The core concept behind Multipass is wonderfully straightforward.
A VST/AU effects plugin, it splits the input signal into up to five discrete bands, each with its own effects lane, into which you can drop as many effects modules – called "Snapins" – as you like (CPU permitting, of course).
As well as the five band lanes, Snapins can also be inserted into the full-frequency signal before or after the band splitter, in the Pre FX and Post FX sections on the left and right. To marry it all up, there's also a comprehensive modulation system and mixer controls, with which all sorts of dynamic effects patterns can be created.
Each Snapin is actually a full plugin that can also be loaded into a VST/AU host on its own, and you buy Multipass with five, ten or 17 Snapins included (not of your own choosing, alas). The 'Basic' Multipass bundle ($99) consists of Chorus, Delay, Gain, Limiter and Stereo Snapins – useful, but not much to get inventive with apart from Stereo, with which you can get some cool L/R modulations happening.
The Producer Pack ($159) adds in Compressor, Distortion, Filter, Haas and Phaser. The Filter is the highlight here, with a choice of seven curves, and Cutoff, Q and Gain parameters that can be assigned to any of Multipass' modulation sources for dynamic and rhythmic tonal movement.
Applying Distortions (there are five types onboard) to individual bands and blending them in subtly can bring some interesting character to the table, but they tend to be overly crunchy by nature.
The full Modular Madness bundle ($249) adds in Bitcrush, Comb Filter, Formant Filter, Frequency Shifter, Pitch Shifter, Resonator and Trance Gate. Of these, the Formant Filter and Trance Gate offer the most creative potential, the former accentuating vowel sounds for morphing between using an X/Y pad, the latter a step-sequenced slicer.
All of the above Snapins can be bought after the event for $19 each if you don't initially shoot for the Modular Madness bundle. Interestingly, Kilohearts' other two effects plugins – Faturator (another distortion) and Disperser – can also be loaded into Multipass as Snapins. They cost $39 each.
To activate a band, you simply turn it on; to set its frequency range, you drag the handles around in the Spectrum/Band Splitter area above. Clicking empty space in a band lane brings up a menu of your installed Snapins from which to make a selection, and Snapins can be freely dragged around and copied from one lane to another.
Each band has its own Solo and Mute buttons, and every Snapin can be individually bypassed. It's all beautifully intuitive.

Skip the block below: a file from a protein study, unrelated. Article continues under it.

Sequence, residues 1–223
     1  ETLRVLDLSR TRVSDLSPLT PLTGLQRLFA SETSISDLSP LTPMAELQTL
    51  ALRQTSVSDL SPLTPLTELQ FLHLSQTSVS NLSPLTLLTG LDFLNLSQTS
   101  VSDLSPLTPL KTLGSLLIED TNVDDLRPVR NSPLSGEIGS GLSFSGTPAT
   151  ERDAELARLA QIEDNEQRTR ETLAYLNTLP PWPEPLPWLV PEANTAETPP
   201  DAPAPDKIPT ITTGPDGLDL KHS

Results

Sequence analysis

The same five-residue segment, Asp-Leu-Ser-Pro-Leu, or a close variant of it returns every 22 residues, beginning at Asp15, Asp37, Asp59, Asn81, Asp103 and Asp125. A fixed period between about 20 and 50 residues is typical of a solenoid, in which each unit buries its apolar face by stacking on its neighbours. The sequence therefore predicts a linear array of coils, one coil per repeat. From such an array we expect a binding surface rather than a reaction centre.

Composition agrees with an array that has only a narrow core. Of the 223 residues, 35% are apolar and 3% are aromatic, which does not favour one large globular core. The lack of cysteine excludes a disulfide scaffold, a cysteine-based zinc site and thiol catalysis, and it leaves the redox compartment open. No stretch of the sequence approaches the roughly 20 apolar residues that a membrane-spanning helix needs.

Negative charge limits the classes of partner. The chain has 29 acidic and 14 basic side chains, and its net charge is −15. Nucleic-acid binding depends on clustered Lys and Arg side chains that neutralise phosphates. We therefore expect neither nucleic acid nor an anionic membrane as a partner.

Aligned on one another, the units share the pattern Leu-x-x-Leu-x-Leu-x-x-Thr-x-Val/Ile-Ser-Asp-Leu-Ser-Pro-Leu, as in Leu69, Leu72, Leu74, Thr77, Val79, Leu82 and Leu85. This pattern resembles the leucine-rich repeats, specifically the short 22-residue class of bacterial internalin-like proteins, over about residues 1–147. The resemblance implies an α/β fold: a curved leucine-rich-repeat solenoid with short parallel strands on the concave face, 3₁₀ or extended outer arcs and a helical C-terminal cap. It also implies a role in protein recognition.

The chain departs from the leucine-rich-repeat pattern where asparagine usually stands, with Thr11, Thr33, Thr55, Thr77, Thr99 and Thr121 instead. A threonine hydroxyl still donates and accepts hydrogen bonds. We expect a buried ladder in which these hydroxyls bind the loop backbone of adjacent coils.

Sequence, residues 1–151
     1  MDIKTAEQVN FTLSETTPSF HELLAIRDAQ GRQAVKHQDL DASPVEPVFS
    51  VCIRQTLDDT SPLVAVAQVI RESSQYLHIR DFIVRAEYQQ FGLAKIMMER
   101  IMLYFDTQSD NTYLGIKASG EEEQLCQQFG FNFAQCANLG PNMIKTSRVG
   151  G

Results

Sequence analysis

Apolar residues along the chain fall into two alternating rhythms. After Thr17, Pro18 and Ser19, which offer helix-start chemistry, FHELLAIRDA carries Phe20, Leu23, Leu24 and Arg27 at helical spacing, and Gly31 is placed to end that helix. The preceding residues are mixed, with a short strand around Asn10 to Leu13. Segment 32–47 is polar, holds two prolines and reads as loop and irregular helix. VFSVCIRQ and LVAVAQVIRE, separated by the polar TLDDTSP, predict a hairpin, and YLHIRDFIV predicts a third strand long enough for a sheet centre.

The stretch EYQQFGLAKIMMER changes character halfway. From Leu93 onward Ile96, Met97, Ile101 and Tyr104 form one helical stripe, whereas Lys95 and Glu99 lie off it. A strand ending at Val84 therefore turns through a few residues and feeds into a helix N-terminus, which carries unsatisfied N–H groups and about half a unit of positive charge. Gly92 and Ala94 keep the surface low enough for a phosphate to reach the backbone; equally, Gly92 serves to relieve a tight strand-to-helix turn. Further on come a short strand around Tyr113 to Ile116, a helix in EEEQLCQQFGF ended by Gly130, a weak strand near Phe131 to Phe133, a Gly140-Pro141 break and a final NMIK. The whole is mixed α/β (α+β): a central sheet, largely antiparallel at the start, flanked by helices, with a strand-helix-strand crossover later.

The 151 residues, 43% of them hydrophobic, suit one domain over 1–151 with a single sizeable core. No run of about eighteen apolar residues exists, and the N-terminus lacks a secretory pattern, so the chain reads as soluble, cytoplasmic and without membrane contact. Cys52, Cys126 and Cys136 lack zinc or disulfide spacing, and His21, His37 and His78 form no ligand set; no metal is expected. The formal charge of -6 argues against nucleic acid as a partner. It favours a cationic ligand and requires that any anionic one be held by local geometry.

At the bottom of each band are Gain, Pan and wet/dry Mix knobs, plus a Post knob, which governs the amount of processed signal sent to the subsequent Post FX lane. The Pre FX and Post FX lanes behave in exactly the same way as the Multiband lanes, with the same set of mixer controls minus Post.
The modulation system is very deep. Each modulation source (eight Macros, two LFOs, two envelopes and eight MIDI controllers) is effortlessly assignable to multiple parameters from throughout Multipass and its loaded Snapins, and the envelopes and LFOs can be triggered by any of the five bands, MIDI note-on messages, or an external sidechain signal.
A good number of presets are included with Multipass, but it's so easy to use that you'll be coming up with your own mad effect chains in no time. The range of effects and the interaction between them is impressive, and the whole thing positively invites tweaking and experimentation.
As noted, the filters are the highlights – modulating the Formant Filter provides hours of entertainment and endless exciting rhythmic patterns while the lowlights are the distortion and saturation algorithms, which are a bit crunchy and unpleasant. Some tape-and valve-style warmth wouldn't go amiss.
Multipass is one of the slickest modular systems of any kind that we've come across in software. Being able to add effect elements into the signal path wherever you like is awesome, and the modulation setup turns it into a hugely inventive and dynamic processing environment.
The range of Snapins available is good and no doubt will only get better both in numbers and types . We'd love to be able to load in full third-party plugins, though, and it would be awesome if the platform was opened up to other developers; but as it stands, Multipass is a fantastic multieffects plugin with a very bright future.